Updated on 17 February 2021
The Gravestone of founding Friend George Fox is in a Quaker burial ground.
Quaker Burial Grounds
From their beginnings in the mid 17th-century, due to their Nonconformist beliefs, Quakers were either denied the right to bury their dead in the parish graveyard – or simply chose not to.
To begin with they carried out burials in gardens and orchards, but they began to acquire their own burial grounds – following guidance from Fox. He urged Friends to ‘buy decent burying-places’ and to ‘let them be decently and well fenced’.
For early Quakers, in some cases, the burial ground was the first piece of land acquired by a Quaker Meeting and many pre-date the building of the Meeting House next to them.
Quaker Memorial Service
Today, Friends are free to choose a burial or a cremation and whether to have a Quaker memorial service or not.
There is no formal structure or order of service at a Quaker memorial service, and the emphasis is on ‘simplicity and stillness’. The meeting is introduced by a Friend responsible for the memorial service, usually an elder, who will explain what happens to mourners who are unfamiliar with Quakerism.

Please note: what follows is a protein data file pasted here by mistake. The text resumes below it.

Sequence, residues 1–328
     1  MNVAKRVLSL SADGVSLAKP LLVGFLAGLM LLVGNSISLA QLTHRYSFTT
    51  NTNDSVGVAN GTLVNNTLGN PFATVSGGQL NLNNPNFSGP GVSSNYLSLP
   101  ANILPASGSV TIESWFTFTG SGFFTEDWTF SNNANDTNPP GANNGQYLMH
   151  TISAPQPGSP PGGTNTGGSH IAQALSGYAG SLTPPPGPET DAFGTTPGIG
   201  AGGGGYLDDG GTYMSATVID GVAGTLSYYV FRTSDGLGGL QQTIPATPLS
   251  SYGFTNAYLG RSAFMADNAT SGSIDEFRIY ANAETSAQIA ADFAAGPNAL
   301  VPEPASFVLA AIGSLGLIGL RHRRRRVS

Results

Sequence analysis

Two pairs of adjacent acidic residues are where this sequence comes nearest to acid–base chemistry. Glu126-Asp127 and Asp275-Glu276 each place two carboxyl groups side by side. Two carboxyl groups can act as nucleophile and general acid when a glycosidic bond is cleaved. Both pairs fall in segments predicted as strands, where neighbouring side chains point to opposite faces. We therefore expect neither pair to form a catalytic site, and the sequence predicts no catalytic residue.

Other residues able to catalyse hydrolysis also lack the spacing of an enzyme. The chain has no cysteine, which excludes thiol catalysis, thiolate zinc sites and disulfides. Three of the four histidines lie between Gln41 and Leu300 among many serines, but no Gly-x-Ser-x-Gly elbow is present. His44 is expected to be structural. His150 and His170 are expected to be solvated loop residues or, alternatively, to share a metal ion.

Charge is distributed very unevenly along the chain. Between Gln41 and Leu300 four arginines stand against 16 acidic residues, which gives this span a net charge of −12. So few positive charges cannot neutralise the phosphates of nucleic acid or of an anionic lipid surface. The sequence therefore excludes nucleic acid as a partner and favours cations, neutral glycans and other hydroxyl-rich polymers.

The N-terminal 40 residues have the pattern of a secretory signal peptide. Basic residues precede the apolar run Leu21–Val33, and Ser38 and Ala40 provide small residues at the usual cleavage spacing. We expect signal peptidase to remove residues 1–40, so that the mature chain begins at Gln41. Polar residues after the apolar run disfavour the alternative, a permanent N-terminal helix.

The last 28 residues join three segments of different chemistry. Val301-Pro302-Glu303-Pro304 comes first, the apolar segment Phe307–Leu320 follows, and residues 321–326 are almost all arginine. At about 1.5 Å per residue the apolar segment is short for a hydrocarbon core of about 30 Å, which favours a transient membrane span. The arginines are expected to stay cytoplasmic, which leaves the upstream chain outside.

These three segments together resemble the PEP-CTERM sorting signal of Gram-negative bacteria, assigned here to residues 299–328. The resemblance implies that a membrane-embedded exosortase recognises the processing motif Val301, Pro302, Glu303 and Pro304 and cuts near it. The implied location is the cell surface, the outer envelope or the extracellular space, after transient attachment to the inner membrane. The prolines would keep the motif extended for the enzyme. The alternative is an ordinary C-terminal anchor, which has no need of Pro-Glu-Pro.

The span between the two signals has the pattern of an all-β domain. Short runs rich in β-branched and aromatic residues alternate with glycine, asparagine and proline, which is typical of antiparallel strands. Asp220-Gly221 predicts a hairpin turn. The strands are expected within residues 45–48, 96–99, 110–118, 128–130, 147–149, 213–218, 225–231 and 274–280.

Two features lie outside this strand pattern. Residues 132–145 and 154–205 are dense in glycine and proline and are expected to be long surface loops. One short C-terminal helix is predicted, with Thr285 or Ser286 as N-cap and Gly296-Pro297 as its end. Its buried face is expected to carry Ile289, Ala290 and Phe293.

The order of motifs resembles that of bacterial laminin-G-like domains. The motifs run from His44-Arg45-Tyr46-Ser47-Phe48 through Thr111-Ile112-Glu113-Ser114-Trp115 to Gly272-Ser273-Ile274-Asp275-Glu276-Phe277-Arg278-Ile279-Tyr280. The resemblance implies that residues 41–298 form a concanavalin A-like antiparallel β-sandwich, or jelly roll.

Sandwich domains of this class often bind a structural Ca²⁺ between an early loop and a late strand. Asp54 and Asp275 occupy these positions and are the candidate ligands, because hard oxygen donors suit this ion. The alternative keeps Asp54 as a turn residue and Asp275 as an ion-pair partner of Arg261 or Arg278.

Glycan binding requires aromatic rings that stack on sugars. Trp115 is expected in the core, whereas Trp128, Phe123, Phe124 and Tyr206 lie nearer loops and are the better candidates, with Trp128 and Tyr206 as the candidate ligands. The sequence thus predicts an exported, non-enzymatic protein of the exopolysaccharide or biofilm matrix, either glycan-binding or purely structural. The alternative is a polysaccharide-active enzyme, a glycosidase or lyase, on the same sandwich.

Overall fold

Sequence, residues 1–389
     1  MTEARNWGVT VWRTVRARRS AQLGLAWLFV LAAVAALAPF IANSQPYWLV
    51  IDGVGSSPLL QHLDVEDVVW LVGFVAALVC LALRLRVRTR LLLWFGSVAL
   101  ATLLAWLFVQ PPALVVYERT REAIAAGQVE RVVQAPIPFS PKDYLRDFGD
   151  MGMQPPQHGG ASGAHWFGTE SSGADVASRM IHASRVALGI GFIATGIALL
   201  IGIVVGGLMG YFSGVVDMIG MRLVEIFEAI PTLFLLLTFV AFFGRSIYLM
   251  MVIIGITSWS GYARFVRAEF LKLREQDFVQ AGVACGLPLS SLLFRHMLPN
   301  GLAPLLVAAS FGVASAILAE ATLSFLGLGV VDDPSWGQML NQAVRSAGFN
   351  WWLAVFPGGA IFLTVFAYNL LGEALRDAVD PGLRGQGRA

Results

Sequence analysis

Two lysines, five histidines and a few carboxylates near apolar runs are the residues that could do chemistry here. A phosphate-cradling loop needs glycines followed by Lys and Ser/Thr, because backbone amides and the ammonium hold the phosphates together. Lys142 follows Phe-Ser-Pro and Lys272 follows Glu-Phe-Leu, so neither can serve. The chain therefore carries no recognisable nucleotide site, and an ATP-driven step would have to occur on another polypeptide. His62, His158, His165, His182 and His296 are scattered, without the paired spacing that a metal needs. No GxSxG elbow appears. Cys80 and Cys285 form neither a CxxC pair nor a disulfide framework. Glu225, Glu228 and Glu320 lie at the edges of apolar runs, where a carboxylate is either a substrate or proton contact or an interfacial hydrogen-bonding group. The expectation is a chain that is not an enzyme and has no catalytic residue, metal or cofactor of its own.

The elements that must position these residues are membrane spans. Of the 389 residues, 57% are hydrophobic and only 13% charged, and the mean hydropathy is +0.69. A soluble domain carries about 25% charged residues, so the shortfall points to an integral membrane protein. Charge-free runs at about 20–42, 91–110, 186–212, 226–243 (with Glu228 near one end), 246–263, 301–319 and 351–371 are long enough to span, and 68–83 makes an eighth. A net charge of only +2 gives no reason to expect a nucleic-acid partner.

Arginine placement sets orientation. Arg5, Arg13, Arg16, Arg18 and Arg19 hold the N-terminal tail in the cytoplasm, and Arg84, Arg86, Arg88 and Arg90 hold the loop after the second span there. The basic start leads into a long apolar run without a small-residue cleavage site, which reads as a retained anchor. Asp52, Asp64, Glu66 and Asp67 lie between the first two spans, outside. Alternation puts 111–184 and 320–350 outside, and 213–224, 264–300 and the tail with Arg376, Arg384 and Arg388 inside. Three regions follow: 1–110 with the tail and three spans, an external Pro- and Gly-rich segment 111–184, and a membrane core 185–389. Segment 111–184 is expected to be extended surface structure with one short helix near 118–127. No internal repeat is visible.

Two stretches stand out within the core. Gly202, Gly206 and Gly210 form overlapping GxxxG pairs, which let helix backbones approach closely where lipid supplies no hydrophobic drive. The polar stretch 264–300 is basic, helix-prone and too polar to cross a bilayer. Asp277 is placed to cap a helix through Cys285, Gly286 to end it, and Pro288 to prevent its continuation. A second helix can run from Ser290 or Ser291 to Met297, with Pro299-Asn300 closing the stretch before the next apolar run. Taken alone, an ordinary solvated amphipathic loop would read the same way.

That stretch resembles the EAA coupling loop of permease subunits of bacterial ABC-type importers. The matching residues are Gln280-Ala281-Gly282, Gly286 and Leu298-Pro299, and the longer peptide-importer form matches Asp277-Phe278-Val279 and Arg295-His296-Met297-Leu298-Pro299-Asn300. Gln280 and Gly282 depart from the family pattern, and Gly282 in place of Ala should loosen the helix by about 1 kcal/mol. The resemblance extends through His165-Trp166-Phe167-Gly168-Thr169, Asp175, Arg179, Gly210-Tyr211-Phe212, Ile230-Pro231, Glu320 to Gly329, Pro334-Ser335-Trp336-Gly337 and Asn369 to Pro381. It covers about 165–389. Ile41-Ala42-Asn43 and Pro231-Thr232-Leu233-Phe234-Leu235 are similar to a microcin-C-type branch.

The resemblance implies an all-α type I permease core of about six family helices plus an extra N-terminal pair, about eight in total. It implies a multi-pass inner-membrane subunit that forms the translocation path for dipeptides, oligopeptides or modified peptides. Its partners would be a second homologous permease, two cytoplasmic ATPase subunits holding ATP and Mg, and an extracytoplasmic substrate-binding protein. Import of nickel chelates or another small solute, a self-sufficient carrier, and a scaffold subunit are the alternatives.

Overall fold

At a Quaker memorial service anyone can speak and say something about their loved one who has died. There may also be some singing and music played. The memorial service ends with all of the mourners shaking hands with each other.
Bunhill Fields Burial Ground
Fox is buried at the Quaker burial field next to the BunHill Meeting House, Islington, north London. Nearby is the Bunhill cemetery, which became a popular burial ground for Nonconformists denied a traditional burial by the Church of England.
Among those buried and commemorated at the Bunhill cemetery include:
William Blake (1757 – 1827) poet, printer and painter best known for the poem that became the hymm Jerusalem.
Daniel Defoe (1660 -1731), novelist best known for Robinson Crusoe and Moll Flanders
John Bunyan (1628-1688), soldier turned preacher and author Pilgrim’s Progress.
Susannah Wesley (1669-1742), The mother of John Wesley (founder of the Methodist Church).
It is remarkable that the originators of so many of our cultural references lie in such close proximity in this soil.
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